Coubertin Quote for Jul, 29
It is vital that athletics retain the noble and chivalrous quality which distinguished it in the past, so that it can continue to play the admirable educational role which the Greek masters attributed to it.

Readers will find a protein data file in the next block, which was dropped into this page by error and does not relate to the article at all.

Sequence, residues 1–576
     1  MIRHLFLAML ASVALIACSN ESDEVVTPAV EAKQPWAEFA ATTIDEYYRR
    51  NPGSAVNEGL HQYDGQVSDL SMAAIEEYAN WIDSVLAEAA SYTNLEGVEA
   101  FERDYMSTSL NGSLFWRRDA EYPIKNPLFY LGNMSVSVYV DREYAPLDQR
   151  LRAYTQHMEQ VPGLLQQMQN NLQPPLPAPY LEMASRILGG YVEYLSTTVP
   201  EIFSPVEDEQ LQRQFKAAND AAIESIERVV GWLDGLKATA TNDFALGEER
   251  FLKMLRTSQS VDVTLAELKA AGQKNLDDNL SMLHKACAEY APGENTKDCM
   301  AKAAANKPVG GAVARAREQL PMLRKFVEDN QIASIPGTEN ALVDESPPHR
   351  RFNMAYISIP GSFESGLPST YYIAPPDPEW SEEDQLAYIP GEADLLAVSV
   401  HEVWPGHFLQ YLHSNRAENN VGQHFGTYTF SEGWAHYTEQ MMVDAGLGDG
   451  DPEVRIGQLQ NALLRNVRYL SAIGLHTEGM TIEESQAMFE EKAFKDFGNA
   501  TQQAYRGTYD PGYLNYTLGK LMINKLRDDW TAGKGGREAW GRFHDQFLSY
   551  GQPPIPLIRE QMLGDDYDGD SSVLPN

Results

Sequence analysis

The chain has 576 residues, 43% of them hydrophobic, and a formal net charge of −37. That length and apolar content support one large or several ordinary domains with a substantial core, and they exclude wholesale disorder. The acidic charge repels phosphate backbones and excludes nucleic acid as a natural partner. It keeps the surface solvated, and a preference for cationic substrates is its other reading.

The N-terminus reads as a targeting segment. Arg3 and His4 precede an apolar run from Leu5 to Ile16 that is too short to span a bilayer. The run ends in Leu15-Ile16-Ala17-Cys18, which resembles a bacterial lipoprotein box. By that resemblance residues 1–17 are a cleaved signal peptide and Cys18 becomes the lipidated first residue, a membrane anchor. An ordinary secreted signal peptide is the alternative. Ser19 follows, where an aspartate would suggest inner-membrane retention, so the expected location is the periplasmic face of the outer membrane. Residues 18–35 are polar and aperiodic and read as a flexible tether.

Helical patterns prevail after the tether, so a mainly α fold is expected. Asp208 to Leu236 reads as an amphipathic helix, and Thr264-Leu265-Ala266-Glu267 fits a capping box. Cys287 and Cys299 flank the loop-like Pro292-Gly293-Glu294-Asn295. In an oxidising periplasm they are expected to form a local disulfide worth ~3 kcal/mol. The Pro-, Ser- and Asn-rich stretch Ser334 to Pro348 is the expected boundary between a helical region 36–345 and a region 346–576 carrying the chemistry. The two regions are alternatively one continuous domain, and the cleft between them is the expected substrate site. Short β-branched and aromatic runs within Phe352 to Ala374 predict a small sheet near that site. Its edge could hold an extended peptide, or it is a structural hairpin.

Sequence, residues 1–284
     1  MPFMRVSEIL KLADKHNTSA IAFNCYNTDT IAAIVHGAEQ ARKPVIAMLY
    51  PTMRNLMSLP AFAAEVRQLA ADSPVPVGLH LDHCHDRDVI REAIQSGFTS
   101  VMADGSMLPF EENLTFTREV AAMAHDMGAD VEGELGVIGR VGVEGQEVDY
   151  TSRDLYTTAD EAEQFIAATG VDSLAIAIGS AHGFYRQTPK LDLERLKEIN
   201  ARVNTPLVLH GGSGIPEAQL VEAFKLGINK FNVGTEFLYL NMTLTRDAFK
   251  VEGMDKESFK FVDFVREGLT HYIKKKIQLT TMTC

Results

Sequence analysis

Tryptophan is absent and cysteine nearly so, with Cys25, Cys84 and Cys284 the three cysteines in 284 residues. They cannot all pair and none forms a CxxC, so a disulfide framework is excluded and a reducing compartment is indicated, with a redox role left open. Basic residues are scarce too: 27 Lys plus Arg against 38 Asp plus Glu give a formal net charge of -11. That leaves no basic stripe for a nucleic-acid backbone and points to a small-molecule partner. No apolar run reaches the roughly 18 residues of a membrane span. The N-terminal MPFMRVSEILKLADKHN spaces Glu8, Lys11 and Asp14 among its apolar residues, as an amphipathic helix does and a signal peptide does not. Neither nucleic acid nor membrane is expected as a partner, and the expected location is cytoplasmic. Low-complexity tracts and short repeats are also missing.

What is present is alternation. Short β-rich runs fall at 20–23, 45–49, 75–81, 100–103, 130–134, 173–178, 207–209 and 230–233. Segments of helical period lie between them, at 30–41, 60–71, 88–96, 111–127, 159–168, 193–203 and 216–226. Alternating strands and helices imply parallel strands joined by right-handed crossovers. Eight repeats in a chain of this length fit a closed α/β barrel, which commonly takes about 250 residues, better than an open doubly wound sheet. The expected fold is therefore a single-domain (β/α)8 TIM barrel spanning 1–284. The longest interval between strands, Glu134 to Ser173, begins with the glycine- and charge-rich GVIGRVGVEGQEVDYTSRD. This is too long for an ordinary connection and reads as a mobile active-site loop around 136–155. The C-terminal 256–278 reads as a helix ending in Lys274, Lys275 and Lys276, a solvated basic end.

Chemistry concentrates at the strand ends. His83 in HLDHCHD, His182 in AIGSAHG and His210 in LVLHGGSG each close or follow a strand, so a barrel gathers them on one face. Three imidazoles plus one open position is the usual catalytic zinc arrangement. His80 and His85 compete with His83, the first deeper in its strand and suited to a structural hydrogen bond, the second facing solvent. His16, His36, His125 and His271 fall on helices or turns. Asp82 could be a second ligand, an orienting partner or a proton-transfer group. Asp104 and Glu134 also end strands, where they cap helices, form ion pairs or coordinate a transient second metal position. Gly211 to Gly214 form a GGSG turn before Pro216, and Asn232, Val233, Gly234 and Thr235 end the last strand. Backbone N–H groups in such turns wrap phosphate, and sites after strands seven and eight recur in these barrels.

In January of 1894, six months before he succeeded in reviving the Olympic Games, Baron Pierre de Coubertin sent a circular letter to all those he was inviting to the Sorbonne for the International Athletic Congress that June.  In that letter, he made it clear that the restored Olympic Games he envisioned would have a vital role to place in modern education. Decades before the idea of athletes as role models became popular, the Baron suggested that it would be essential for athletics—and therefore athletes—to exhibit the highest qualities of character in order to have a positive influence on society.  Chivalry was a medieval code of conduct that placed honor, courage, justice and readiness to help others at the center of life—and the Baron wanted those who rose to the Olympic heights to possess those qualities as he believed their ancient forebears did.